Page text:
Tafai – Belly
A few years ago, while all the guitar boffins were complaining that nothing new was coming out of amps in concert halls around the world, something different did pop out of bedrooms across the U.S. It was a lazy, dazed sound employed for something music websites termed bedroom-pop. And, while difficult as hell to play on the old ix-string, it attracted little of the attention of lead-guitar demons who’ve mostly shifted their collective focus towards the fireworks of metal.
Tafai’s Belly is built on that foundation. A dainty, jazz-like riff, out of the Mac DeMarco playbook, acts as the tune’s main ammunition. A great groove and some lethargic vocals flesh-out the monochrome dreamscape of the tune.
Don’t let our comparisons put you off. Taifai hasn’t arrived late to the party at all. If anything he proves the sturdiness of this style, and how one can still get a newfangled sound on the back of a bedroom studio, and a few nifty ideas.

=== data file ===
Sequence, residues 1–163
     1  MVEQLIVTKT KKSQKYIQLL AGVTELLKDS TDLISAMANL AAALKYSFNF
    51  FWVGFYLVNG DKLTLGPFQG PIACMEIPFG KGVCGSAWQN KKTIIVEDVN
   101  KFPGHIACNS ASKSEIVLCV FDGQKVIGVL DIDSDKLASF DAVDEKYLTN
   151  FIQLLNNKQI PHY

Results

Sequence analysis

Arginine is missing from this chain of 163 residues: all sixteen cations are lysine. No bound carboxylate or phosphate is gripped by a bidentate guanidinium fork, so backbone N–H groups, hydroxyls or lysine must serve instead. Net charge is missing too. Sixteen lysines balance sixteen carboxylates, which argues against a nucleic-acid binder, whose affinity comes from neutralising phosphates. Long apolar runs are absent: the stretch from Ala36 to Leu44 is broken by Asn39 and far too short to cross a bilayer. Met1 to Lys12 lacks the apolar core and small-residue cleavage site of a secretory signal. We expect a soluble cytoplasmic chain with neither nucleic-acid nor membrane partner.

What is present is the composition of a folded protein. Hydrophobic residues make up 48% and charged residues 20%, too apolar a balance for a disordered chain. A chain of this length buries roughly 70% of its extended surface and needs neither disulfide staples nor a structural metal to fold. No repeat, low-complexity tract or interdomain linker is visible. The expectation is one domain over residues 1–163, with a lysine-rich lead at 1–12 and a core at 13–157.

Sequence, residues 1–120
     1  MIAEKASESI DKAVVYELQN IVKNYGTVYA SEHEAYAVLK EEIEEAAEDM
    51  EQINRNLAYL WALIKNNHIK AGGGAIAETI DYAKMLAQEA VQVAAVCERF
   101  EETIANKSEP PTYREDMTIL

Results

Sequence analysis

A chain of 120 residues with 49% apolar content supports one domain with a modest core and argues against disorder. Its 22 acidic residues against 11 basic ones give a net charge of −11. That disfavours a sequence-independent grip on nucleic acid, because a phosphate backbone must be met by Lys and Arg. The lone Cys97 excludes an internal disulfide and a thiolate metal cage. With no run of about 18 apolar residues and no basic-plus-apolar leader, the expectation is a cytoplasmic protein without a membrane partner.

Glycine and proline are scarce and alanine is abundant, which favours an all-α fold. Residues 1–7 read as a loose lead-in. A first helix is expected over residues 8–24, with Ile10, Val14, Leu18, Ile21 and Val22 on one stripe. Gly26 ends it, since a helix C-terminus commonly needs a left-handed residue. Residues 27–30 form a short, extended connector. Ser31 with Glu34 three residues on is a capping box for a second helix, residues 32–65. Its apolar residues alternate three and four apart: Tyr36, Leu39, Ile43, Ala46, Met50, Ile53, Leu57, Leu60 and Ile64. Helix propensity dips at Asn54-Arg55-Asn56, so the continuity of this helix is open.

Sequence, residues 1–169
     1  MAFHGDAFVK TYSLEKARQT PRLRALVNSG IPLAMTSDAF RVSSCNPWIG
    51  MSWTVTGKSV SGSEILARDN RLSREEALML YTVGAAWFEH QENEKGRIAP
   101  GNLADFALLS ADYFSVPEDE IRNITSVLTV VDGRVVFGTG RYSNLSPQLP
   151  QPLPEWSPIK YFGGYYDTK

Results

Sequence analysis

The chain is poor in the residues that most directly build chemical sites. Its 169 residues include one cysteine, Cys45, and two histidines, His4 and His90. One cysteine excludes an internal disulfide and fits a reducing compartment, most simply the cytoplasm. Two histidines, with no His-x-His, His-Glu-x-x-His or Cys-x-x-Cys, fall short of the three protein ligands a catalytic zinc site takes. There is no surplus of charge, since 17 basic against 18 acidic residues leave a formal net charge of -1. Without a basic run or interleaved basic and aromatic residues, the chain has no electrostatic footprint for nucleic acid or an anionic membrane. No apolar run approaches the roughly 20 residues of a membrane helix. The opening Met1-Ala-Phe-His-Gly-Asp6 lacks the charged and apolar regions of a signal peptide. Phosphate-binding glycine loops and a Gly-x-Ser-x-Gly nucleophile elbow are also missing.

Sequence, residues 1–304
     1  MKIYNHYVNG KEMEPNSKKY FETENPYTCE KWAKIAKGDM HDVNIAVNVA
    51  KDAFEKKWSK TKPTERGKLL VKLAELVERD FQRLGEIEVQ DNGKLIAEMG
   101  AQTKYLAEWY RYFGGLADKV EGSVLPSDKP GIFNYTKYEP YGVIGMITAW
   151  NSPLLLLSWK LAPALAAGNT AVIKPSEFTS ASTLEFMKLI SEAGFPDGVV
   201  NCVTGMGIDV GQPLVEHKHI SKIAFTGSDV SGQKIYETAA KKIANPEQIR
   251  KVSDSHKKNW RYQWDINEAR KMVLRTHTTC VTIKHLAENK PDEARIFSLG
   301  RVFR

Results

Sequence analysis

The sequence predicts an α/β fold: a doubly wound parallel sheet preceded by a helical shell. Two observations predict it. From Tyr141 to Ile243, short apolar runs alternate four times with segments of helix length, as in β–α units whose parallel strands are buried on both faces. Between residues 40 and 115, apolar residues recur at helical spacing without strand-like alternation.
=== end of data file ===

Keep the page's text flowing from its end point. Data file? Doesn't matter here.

Almost August – Flies Have Conquered Flypaper
There are two kinds of American road music. One celebrates the fact that there are so many roads, so few laws, and endless freedoms. I think Sammy Hagar might have had a few tunes about that.
Then there are the songs about too many laws, the same roads, and the fact that they all lead to the same boring place. Small-town music has fewer fans than it should. It’s usually music that channels the slow-ache of slimly-packed localities.
I feel like Almost August perfectly encapsulates the latter, from the great artwork that displays a giant ice-cream cone sharing the skyline with the telephone wires, to the hushed, indie-rock sound of Flies Have Conquered Flypaper. The title of the song is a quote from John Steinbeck, a man who also wrote about the professedly endless space the world has to offer, and all the people who’d like to have it all to themselves. I predict that fans of 90s slacker rock will find this tune highly compelling.